There is a trend
towards B2B trade fairs in Japan, but it is only gradual. Despite the continuing
absence of much of a trade fair culture, there are things exhibitors can do to
win business from Japanese customers.
President of ABC Enterprises Inc.
Depending on the size of the company, Japanese exhibitors may invest a lot of money in advertising, including print-media, online and transport advertising. They also make intensive use of their networks of customers and contacts and send out a lot of invitations. An important criterion for trade fair organisers and Japanese (less so international) exhibitors when measuring the success of a trade fair is the number of visitors it attracts – both trade visitors and consumers. These numbers are not controlled independently. In order to arrange meetings, international exhibitors should allow appointments to be booked through their websites. They can then send free tickets to customers and visitors.
The stand should be open and inviting and have as few enclosed spaces as possible for meetings. There should be plenty of Japanese-language brochures available at the information counter. Some signs in Japanese such as “Importer/business partner wanted” or “Trade fair premiere” are good for catching the eye and facilitating initial contact with Japanese visitors. In addition to German/foreign staff at the stand (including Japanese-speaking staff if at all possible), it is essential to have Japanese hostesses/interpreters. They make it easier to make contact and communicate with Japanese visitors and can also help complete questionnaires and arrange any appointments to visit Japanese companies.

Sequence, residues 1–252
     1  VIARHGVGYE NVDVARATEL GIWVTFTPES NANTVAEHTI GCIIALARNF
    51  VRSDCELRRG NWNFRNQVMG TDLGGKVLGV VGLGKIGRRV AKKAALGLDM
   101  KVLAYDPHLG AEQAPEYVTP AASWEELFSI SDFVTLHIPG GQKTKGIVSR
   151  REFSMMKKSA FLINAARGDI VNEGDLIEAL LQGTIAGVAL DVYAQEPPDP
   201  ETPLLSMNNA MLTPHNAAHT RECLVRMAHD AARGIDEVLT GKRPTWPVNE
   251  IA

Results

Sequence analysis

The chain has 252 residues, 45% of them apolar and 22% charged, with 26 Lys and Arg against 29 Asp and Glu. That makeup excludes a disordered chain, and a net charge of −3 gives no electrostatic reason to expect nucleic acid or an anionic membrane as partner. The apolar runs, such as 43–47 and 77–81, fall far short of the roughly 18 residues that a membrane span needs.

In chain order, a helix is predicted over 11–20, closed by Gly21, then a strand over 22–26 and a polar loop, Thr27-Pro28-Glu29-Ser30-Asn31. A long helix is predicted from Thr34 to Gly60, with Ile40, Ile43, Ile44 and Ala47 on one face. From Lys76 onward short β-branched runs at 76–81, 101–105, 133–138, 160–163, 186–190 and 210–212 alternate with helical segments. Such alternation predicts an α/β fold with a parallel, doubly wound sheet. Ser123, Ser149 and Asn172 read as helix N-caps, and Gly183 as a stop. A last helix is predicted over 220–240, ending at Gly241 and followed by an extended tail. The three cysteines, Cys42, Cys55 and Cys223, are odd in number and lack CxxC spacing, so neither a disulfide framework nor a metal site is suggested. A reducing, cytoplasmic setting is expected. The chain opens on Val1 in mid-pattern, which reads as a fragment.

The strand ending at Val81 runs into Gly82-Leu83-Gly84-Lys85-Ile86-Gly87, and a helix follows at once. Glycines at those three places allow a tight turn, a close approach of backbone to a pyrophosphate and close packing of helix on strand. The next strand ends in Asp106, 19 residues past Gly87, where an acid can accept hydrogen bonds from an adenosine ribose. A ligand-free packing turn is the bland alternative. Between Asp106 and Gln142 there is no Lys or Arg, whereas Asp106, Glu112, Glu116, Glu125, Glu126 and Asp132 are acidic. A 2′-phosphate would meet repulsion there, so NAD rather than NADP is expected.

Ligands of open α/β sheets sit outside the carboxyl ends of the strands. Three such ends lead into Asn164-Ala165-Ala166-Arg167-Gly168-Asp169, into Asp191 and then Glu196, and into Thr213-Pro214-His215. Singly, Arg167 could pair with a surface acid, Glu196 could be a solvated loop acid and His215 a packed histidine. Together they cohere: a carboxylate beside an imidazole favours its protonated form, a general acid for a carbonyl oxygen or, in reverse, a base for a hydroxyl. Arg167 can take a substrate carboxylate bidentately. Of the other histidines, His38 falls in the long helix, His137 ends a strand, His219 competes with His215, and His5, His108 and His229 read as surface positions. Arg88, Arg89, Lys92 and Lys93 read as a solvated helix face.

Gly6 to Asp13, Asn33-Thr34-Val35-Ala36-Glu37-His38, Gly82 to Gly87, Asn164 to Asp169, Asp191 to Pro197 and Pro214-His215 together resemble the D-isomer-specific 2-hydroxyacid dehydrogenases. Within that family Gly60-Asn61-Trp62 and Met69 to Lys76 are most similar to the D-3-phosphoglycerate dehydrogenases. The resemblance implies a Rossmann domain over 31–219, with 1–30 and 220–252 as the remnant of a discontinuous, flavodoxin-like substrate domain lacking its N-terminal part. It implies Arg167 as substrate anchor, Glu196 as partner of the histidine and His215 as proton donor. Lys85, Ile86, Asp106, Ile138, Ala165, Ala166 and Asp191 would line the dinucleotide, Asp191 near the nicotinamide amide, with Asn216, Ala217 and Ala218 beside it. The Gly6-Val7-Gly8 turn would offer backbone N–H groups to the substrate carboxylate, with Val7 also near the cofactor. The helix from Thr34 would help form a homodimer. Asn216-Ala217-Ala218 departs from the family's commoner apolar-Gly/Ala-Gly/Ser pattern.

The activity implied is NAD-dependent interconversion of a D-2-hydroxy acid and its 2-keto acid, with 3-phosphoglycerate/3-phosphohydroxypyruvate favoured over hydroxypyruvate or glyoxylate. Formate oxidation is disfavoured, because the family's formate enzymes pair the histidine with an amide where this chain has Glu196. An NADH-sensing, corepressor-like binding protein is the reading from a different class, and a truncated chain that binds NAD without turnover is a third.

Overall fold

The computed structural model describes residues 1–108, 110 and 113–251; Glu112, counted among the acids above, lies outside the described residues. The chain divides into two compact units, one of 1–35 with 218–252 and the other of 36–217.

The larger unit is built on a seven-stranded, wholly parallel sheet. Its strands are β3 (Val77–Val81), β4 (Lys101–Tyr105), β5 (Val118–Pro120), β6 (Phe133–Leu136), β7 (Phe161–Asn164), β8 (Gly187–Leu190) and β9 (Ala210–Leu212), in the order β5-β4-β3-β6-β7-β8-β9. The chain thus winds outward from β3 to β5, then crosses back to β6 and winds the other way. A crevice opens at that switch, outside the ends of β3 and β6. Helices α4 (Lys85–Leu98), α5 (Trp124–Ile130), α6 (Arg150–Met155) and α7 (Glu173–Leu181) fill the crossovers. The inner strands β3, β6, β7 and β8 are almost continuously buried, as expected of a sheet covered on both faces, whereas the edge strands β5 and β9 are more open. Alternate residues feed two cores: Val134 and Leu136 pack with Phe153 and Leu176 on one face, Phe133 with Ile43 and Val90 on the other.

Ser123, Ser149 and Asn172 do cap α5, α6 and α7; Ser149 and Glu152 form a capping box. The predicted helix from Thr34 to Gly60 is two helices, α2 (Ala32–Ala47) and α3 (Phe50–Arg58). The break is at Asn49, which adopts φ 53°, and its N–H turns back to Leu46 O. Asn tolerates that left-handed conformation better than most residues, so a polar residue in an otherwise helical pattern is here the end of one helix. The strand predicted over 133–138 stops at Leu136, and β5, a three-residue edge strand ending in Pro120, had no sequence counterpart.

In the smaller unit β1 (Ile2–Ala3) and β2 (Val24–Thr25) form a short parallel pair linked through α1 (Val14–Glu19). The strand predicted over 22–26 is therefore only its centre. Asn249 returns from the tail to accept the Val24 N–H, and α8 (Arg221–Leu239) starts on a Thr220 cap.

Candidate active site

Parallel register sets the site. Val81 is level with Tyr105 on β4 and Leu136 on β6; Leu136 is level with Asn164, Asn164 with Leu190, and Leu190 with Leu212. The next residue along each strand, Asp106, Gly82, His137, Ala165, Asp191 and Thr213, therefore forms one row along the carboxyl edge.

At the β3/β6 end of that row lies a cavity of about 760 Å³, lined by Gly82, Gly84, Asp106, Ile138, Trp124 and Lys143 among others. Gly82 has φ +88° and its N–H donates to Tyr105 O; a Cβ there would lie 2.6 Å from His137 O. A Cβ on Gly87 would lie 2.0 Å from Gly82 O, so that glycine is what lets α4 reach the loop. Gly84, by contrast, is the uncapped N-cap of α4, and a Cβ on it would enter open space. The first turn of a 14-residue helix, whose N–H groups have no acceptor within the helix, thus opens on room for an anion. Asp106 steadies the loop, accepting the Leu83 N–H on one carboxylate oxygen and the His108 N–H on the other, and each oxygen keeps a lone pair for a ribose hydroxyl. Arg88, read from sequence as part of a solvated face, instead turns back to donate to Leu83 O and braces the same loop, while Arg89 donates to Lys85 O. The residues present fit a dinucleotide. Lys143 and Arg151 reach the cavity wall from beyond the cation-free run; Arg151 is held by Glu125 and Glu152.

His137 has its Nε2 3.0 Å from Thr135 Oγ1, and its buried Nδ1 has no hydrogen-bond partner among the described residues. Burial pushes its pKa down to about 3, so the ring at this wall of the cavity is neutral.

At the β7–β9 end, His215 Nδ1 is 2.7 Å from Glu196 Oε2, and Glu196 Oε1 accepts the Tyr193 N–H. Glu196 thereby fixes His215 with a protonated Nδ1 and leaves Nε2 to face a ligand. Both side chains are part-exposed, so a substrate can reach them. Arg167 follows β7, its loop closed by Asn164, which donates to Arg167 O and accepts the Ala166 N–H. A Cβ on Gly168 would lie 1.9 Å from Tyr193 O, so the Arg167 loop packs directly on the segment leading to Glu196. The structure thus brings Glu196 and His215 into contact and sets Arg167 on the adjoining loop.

What trade fair visitors want varies greatly from person to person. Trade visitors look for specific information and samples, while consumers are interested in new products. They want to taste or test them and perhaps even take them home as gifts or if they can get them for a good price. The Japanese love comics in the manga style and anime animations, and these are becoming increasingly popular with foreigners as well. Even if a trade fair has nothing to do with these directly, they go down well with most visitors and attract attention. Many visitors are also interested in foreign countries. Posters and typical products from an exhibitor’s home country will attract more visitors to a stand.
It is still true that it is generally new or junior employees who go to trade fairs in order to collect information and samples for their superiors. These employees have little experience of business or trade fairs, only have limited scope to talk business and do not have the authority to place orders. On the other hand, Japanese companies have learned that they need to take quicker decisions in order to hold their own against Asian and other competitors in global markets.
It is advisable to avoid personal and business questions that the visitor is probably unable or unwilling to answer spontaneously. You should also never press them for clear answers! On the other hand, you should give satisfactory answers to any questions they may have. It is helpful to point out that the exhibitor would be happy to answer further questions at a later date and send in-depth information.
Following up after a trade fair
It is very important to follow up well after trade fairs, although for foreign companies without representation in Japan it is often a protracted, laborious process. Custom mailings in Japanese are helpful. It is even better when foreign exhibitors do not fly off again immediately after the fair. They should stay on in Japan for a few days to follow up on any initial contacts made (business cards received). It may also be possible to make further appointments with some companies. This can generally be arranged without problems by using interpreters. Most Japanese companies are happy to welcome business visitors from abroad. However, it is essential to use a competent interpreter for these visits. This is how foreign visitors can gain access to the middle managers of a Japanese company. And the more staff who take part, the more interest there is!
Heinz Kuhlmann has four decades of experience in the Japanese trade fair market and also advises foreign trade fair organisers and exhibitors.
This article was published in TFI issue 2/2016
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